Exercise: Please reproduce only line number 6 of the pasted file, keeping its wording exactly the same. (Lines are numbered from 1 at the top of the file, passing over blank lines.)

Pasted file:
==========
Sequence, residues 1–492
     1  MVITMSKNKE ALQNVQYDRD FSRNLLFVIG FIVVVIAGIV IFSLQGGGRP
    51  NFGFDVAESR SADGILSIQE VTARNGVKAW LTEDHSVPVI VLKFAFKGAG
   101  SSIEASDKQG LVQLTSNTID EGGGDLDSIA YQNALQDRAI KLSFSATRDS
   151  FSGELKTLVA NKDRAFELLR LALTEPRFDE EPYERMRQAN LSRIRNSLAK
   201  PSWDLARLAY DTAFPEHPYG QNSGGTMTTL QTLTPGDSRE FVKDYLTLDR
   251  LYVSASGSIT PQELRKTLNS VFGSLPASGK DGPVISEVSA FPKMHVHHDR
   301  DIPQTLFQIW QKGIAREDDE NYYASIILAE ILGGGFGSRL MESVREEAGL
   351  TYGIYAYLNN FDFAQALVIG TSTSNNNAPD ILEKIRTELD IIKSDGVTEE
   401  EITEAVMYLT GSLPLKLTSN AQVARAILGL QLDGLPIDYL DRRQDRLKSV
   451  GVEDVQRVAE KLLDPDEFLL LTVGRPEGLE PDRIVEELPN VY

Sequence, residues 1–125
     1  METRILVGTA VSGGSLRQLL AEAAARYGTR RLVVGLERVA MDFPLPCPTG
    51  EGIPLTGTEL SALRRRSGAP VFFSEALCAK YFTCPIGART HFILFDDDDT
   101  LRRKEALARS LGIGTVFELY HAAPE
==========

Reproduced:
   201  PSWDLARLAY DTAFPEHPYG QNSGGTMTTL QTLTPGDSRE FVKDYLTLDR